It seems the old adage is true. Want to know where to get a good drink? Ask a bartender. The good news is that Austin is chock-full of very talented ones: They are motivated, creative, very much into what they do, and – the best news yet – extremely supportive of one another. So, if you do test said adage, make yourself comfortable, because you won't get a short answer. You'll get an enthusiastic, must-try list of bars to visit and staffs to seek out. In many ways, Austin's craft bartenders are kind of like one big, happy family.
"We all know where each other works, and we're all a bunch of badasses," says Joyce Garrison, formerly the high-profile head libationist at the W Hotel, now at Whisler's on East Sixth. "We send guests to other bars and say, 'Tell them we said, What's up?' I'll tell them to go see Carolyn Gil at Weather Up." Jessica Sanders, owner of Drink.Well, increasingly known for its creative craft cocktails, offers immediate options beyond her own bar. "The Blackheart doesn't get nearly the amount of attention it should," she says. "It has one of the best whiskey selections in the city, and Lana Lindsley there is one of the most creative, engaging, and fast bartenders working the stick in Austin."
Dame Sanders also gives big props to the barely opened, much-talked-about Half Step, down busy Rainey Street from the Blackheart. "It is shaping up to be a game-changer for Austin's exploding craft cocktail scene," Sanders says. "The bar staff there is among the best equipped in the city to truly handle off-menu, bespoke cocktails."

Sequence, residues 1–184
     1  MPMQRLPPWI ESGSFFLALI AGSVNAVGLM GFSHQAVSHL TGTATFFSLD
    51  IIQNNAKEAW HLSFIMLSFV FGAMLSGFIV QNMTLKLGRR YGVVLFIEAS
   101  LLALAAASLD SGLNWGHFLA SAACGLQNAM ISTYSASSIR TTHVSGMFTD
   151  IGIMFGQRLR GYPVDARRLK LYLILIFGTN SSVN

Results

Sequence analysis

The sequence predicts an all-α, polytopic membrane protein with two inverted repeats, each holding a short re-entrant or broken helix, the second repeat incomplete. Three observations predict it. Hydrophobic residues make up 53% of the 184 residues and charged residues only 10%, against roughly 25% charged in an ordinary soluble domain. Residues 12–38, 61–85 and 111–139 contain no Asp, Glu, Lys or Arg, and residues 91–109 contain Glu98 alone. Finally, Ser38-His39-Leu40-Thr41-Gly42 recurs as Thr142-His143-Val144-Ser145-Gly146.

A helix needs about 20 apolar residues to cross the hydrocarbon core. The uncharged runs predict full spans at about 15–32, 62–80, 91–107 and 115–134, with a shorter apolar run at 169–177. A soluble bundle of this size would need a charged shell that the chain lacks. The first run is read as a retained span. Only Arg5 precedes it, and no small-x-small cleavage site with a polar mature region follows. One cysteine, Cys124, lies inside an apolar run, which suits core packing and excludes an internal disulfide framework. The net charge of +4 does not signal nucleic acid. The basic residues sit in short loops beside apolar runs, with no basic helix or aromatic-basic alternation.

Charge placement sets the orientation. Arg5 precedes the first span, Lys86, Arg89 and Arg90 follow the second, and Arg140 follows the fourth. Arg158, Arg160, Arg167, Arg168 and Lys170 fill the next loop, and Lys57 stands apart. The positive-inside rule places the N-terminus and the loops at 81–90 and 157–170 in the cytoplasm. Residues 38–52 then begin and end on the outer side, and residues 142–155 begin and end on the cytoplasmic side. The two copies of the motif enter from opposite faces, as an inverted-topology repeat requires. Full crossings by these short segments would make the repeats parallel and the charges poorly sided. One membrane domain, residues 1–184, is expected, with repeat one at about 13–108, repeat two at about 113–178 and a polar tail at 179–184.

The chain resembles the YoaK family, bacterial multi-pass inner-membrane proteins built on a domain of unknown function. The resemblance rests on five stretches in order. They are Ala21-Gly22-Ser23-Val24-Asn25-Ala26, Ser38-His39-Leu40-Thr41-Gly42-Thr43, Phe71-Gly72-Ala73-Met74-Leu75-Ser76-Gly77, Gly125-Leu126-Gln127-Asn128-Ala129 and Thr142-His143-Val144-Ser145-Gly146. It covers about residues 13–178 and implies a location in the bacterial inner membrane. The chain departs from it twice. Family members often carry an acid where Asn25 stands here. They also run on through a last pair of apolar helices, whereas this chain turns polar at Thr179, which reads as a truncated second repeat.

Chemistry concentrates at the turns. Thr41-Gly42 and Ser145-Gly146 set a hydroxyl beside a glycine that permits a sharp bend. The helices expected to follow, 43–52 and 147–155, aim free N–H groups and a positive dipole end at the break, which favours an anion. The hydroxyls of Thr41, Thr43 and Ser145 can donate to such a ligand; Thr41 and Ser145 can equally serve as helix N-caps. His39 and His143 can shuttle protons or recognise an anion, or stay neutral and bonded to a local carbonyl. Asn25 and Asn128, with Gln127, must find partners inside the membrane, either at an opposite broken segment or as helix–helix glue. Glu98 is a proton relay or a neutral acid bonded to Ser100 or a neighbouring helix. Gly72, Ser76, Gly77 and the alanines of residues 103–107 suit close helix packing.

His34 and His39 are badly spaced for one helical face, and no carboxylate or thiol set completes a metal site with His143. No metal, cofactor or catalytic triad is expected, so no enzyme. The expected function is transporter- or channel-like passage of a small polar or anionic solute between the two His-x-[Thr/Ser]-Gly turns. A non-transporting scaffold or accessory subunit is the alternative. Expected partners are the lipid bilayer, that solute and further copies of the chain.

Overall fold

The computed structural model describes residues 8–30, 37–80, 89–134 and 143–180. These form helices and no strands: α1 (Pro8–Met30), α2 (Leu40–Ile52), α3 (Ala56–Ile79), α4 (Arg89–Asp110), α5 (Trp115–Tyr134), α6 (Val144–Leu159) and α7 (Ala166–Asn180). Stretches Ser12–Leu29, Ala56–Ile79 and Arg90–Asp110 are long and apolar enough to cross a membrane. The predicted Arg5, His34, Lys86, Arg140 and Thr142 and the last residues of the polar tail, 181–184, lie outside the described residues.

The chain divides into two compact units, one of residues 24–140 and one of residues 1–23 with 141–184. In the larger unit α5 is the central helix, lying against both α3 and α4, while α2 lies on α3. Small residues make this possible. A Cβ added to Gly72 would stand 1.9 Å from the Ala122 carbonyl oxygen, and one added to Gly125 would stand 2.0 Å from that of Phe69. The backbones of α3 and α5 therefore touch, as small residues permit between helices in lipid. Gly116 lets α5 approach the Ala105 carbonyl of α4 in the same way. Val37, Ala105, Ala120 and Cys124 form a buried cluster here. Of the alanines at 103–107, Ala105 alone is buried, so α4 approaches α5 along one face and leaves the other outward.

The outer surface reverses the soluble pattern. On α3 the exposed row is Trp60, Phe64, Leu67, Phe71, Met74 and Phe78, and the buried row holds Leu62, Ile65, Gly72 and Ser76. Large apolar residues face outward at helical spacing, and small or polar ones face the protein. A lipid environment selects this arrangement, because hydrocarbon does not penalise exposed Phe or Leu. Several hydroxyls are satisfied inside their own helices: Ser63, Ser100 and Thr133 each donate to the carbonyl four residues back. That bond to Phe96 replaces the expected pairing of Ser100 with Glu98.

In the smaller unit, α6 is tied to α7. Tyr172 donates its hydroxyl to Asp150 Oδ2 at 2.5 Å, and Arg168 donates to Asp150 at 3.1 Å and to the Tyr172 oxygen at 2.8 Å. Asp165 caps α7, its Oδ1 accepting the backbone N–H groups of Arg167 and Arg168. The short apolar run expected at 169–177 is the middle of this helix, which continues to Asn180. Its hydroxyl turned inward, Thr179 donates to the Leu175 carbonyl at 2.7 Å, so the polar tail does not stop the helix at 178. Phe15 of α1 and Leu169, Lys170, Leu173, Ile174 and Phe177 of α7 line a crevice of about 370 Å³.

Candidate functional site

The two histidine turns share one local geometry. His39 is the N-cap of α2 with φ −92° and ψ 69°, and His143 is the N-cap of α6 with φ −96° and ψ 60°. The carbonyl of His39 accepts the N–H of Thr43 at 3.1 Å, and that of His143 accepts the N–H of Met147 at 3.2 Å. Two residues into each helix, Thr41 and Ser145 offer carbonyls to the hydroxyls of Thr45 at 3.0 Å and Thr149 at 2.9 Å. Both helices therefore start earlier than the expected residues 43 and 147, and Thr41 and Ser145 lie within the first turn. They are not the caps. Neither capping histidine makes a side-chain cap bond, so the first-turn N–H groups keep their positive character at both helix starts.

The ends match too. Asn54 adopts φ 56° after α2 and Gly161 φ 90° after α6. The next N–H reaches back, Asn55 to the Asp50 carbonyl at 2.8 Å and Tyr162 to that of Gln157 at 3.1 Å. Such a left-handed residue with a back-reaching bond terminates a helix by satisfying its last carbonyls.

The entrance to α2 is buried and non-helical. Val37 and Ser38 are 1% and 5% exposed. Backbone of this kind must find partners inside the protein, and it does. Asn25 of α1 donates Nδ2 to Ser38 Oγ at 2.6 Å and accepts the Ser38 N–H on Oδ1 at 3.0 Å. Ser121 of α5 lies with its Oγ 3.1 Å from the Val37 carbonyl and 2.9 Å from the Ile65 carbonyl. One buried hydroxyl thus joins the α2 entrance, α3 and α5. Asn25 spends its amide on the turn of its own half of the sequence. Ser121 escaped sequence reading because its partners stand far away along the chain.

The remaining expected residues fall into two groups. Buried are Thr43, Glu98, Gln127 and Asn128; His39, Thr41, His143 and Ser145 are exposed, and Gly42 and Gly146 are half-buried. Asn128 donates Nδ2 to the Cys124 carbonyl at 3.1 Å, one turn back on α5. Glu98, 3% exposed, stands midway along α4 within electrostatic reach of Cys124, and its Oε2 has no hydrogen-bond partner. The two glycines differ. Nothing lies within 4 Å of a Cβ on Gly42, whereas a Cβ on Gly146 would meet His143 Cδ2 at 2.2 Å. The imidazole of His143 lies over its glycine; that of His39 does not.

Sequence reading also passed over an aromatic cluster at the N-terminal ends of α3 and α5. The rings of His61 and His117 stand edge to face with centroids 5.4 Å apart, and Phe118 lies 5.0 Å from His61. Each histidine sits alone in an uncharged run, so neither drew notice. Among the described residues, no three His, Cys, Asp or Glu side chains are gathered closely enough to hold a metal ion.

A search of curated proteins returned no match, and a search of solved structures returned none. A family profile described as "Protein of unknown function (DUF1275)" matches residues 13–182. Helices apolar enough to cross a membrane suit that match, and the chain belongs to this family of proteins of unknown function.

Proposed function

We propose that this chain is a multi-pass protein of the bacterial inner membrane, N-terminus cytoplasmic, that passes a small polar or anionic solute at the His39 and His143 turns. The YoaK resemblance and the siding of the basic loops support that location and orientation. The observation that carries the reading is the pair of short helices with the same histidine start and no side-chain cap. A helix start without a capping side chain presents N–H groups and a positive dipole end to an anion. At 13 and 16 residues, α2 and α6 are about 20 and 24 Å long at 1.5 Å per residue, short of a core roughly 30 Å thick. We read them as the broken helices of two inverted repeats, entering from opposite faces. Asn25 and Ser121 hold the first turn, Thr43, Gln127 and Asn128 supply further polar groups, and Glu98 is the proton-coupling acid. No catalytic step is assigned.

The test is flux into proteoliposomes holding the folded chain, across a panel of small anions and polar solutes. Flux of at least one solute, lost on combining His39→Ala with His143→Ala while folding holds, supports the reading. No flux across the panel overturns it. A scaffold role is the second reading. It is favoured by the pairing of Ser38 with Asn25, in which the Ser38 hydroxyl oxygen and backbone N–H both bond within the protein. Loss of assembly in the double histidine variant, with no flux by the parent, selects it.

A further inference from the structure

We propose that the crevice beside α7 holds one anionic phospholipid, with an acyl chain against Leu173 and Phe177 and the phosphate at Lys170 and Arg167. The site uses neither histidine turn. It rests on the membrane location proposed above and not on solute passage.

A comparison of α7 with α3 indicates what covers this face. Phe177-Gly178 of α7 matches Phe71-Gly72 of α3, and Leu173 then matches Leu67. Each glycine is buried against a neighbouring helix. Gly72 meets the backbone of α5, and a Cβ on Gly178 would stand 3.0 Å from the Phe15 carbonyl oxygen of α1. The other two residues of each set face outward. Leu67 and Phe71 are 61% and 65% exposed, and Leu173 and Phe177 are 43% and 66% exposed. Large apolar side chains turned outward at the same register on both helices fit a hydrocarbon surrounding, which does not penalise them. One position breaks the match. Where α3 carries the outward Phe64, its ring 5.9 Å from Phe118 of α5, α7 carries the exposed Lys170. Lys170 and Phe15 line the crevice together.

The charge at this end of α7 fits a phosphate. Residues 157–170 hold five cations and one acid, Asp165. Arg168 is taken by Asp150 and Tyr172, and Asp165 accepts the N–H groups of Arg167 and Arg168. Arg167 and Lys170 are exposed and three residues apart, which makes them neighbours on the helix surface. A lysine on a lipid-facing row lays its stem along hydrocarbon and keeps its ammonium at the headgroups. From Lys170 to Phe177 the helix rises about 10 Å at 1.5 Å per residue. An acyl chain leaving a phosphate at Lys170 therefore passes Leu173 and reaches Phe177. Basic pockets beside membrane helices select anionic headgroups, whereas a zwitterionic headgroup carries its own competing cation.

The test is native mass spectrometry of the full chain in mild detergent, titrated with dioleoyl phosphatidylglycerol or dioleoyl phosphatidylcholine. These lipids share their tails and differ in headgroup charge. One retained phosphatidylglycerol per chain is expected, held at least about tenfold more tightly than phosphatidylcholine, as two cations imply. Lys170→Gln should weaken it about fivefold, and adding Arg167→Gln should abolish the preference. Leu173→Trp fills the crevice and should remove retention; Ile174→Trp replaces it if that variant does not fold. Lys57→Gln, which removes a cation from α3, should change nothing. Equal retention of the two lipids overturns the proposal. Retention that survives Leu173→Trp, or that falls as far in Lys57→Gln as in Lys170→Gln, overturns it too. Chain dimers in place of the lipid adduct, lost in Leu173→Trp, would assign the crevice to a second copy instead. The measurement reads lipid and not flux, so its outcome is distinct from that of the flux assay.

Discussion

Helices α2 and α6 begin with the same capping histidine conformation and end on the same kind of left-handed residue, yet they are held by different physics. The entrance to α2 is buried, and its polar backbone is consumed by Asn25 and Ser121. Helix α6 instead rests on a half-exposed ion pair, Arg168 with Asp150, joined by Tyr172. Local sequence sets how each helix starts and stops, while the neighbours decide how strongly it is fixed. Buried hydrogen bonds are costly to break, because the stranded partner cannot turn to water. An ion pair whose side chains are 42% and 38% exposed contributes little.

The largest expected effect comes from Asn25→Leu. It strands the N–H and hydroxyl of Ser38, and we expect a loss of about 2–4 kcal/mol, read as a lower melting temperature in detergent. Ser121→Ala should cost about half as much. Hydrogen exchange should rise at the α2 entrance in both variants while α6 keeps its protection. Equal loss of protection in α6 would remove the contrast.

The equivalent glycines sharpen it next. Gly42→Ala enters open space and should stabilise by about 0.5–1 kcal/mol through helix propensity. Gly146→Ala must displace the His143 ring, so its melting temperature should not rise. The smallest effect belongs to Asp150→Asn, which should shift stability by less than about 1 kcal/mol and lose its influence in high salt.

Jen Keyser, who now tends bar at Contigo and Midnight Cowboy, agrees: "Half Step is the new industry go-to." A 13-year veteran of the Austin scene, Keyser says Half Step's Chris Bostick has put together "one of the most talented bar staffs in town" and that his custom ice program "makes us bar geeks really freak out." Keyser would also send folks to visit Mariana Guerrero at Firehouse Hostel and Lounge and Jeff Boley at Tapasitas. Once there, Boley would likely suggest trying his current favorite drink, the St. Josh's Loving Cup, which is a daring mix of rye whiskey, pear liqueur, honey syrup, and Bar Keep Chinese bitters.
More than one barkeep suggested a visit to Drink.Well, where Dennis Gobis has perfected the Lazy Dog, a carbonated bourbon and beer concoction that's on tap. They also insisted we check out Garrison and the staff at Whisler's, where, says Keyser, they do a "great job of having options for everyone." Indeed, a Lone Star for only a couple of bucks can be ordered at Whisler's in the same breath as the Cigar Box, a wild concoction of mezcal, lavender bitters, smoked black tea syrup, and a flaming cinnamon stick.
One about-to-open establishment that is on many a local bartender's lips resides inside Whisler's: a yet-to-be named, one-spirit bar upstairs that promises to be in operation in time for South by Southwest. Owner Scranton Twohey, who designed and created the concept of the mezcal-only Bar Illegal years back for Bridget Dunlap, will repeat his inspiration here with a rotating slate of single spirits in the small, intimate space. Serious cocktail aficionados will want to keep an eye out for this one.
Perhaps it's not where the bartenders are actually drinking, but what they're drinking that piques your interest? From what I have gathered, after a long shift, the choice seems to be simple, yet sophisticated: a shot of Fernet and a cold beer.
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